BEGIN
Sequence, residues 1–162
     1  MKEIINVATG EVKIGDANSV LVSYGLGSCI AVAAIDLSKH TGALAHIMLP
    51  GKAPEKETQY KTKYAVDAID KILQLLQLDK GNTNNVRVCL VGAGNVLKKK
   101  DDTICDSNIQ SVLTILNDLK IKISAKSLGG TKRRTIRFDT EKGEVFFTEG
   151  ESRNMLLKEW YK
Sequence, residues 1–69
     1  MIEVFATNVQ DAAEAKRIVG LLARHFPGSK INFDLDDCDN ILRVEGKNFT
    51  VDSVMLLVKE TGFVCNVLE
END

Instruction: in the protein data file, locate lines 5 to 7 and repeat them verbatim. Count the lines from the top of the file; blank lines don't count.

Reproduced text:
   151  ESRNMLLKEW YK
Sequence, residues 1–69
     1  MIEVFATNVQ DAAEAKRIVG LLARHFPGSK INFDLDDCDN ILRVEGKNFT